On this past weekend’s episode of First World Problems: Ben wanted to have some coworkers over for a wine night, and we couldn’t figure out which wines to serve.
That was easily remedied by asking everyone to bring something they liked or wanted to try. We also invited my brother-in-law, Josh, who is known for his love of the nicer things in life (including good wine). He seemed pretty interested in the idea of a wine night, but he did have some specifications.
“No Arbor Mist,” he declared, indicating that this would be the most sophisticated of events. He also vetoed Two Buck Chuck (sad face).
I decided to come up with a cheese tray, since it seemed like that’s what you’re supposed to come up with for a wine night. Real Simple has a pretty good article on The Perfect Cheese Platter, and I borrowed from that a bit. I got an inexpensive serving tray from Target, and put it all together with some odds and ends from Publix. All in all, it cost less than a night out typically would. I mean, I’m all about going out. But sometimes, it’s really nice (and most of the time, more economical) to entertain at home.
Here’s the finished product:
Clockwise from top left: grapes from Publix (on sale), Publix Goat Cheese with Honey, Havarti cheese with dill, Cracked Pepper and Olive Oil Triscuits (bought BOGO at Publix), a wheel of Brie cheese (topped with blueberry preserves from Costco), Back to Nature Flaxseed crackers, pistachios (which kind of got cut off in the photo) and cashews.
Thank you for humoring me while I explained all the intricacies of my cheese tray. I will now move on to the interesting part of the post: the wine!
Disclaimer: I am no wine expert, nor would I claim to be. But here are some of the opinions I had of the wines we tried.
Estancia Pinot Grigio: There are plenty of better pinot grigios out there, but this one is great when you’re looking for something drinkable and inexpensive. And it usually has a coupon attached to it (no shame). The bottle doesn’t lie — there are definitely crisp notes of apple in this one. It’s one of the few drier white wines that I can get Ben to drink. You can pretty much find it anywhere (I got this bottle at Target).
J.V. Fleury Cotes du Rhone Blanc: This one is made from Viognier grapes, and is supposed to contain notes of floral and peach. (I thought it tasted more like melon, though.) I have to say, this was one of the more interesting wines I’ve tried in a while. It was very smooth and easy to drink. I think this would be a great go-to white table wine if you just wanted to have something on hand.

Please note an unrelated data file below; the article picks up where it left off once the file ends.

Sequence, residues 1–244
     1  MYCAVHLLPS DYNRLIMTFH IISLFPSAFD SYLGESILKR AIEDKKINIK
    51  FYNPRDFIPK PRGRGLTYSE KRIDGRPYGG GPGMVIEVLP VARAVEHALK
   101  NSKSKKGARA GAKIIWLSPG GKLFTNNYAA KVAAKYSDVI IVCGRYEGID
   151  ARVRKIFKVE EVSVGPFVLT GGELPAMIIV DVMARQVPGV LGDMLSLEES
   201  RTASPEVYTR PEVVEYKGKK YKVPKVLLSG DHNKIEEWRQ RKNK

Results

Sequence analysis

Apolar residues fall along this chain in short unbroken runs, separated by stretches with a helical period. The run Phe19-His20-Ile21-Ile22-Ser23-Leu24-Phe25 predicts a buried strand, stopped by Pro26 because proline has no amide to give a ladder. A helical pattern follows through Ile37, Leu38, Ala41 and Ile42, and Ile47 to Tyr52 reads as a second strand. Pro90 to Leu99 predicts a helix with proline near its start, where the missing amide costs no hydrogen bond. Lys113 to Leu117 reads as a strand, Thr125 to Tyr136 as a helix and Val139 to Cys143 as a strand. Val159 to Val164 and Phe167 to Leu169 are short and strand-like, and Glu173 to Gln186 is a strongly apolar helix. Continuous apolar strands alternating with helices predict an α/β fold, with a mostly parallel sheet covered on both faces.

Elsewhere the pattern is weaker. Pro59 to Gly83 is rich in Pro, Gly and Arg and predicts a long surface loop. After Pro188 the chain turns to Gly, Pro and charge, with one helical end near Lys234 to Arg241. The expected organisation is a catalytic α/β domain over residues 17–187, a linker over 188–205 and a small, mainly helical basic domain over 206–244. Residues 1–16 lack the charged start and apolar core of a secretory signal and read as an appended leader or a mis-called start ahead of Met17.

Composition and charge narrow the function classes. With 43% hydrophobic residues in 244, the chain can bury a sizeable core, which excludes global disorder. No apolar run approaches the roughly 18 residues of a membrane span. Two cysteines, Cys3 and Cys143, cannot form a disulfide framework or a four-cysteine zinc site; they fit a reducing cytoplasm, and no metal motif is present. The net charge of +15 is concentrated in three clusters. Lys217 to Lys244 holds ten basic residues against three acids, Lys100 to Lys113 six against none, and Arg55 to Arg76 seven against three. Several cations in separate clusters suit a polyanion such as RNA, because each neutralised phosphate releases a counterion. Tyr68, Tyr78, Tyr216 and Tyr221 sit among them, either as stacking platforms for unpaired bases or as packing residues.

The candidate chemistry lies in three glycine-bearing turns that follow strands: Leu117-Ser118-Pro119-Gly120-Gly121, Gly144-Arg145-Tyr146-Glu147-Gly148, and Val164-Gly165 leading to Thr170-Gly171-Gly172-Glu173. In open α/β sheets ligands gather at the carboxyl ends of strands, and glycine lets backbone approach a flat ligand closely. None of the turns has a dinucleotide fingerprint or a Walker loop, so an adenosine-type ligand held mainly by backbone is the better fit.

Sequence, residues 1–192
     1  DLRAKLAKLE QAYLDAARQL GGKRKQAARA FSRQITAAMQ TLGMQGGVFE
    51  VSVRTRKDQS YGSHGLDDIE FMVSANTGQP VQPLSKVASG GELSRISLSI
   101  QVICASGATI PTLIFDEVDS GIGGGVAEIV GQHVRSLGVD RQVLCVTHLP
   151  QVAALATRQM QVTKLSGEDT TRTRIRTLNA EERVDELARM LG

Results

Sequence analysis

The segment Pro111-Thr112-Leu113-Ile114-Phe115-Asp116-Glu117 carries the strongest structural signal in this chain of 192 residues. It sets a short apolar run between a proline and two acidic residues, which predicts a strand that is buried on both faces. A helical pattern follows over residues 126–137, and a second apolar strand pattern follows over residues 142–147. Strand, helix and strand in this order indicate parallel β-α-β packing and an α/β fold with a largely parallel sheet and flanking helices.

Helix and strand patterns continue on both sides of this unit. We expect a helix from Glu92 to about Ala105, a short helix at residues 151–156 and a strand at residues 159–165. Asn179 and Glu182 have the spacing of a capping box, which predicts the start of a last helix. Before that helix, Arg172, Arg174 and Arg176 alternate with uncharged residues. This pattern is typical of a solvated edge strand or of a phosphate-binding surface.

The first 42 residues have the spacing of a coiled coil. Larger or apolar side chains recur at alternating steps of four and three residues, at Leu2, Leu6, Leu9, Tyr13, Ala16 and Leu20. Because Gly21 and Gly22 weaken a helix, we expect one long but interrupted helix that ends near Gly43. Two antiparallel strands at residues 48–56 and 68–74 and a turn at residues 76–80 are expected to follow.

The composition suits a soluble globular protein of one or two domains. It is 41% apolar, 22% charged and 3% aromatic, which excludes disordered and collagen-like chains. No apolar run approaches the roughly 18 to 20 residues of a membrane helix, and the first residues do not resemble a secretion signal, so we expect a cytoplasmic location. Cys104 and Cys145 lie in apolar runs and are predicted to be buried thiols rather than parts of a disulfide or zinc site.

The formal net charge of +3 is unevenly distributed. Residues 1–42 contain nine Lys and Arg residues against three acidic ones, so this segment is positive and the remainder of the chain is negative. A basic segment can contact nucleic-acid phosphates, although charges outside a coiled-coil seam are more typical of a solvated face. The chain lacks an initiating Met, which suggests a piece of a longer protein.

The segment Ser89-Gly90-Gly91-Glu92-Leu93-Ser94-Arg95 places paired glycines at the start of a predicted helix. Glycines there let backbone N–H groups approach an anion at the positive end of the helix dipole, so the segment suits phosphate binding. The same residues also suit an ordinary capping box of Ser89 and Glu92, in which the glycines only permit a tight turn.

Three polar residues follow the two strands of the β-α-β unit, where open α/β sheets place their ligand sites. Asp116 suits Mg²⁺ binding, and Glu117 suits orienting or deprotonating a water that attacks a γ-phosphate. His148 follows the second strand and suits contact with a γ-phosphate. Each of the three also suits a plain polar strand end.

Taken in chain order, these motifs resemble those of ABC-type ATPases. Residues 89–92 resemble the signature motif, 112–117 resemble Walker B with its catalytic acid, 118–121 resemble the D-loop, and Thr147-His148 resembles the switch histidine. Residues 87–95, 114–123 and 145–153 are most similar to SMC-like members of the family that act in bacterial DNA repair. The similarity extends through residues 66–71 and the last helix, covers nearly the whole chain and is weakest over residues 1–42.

Mer Soleil Silver Unoaked Chardonnay: I usually don’t like chardonnay, as I’m not a huge fan of oakiness. However, I started drinking chardonnay probably earlier than any other type of wine, just because the name was familiar to me. But once I discovered pinot grigio and shiraz, I never looked back. And on first sip, even this one tasted strange to me. It gradually grew on me, despite the fact it is EXTREMELY buttery, which I’m not used to. It paired well with the Havarti cheese and crackers, which was a happy accident. On a less-sophisticated note: the bottle is ceramic, which is cool. If you’d like to try a chardonnay without the oakiness, this is a great choice.
Sugarland Cellars Martha Jane Rosé: This wine comes from Sugarland Cellars, a winery in Gatlinburg, Tennessee. I’ll admit that the first few sips of this wine weren’t pleasant. Compared to the drier wines we tried, this seemed like taking a sip of syrup. The Muscadine is strong in this wine. But, if you could get through the initial sugar shock, the wine finishes with what we thought was tobacco. That’s an odd combination, and it might even sound a little gross, but it works. The bitterness at the end offsets the sweet flavor of the red and white Muscadines. I do prefer Lakeridge Winery’s Sunblush or San Sebastian Winery’s Rosé over this one, but I’d love to visit Sugarland Cellars one day.
Bogle Vineyards Petite Syrah: Admittedly, I meant to buy the Cab from this brand, but I misread a recommendation my coworker sent me. But this ended up being one of my favorites of the bunch. I was ready for a break from sweet after the rosé, and this wine contained enough fruit and vanilla notes to help along with the transition back to dry. According to the bottle, there are supposed to be coffee and leather tones in this wine. I can always taste coffee, but I am not refined enough to detect leather (and I’m not sure I want to be…). I’m looking forward to trying other wines from this brand.
Well, there you have it — a recap of our first (of hopefully many) wine nights. Have you tried any of these wines? What do you think of them? I am always interested in learning more about wine from others.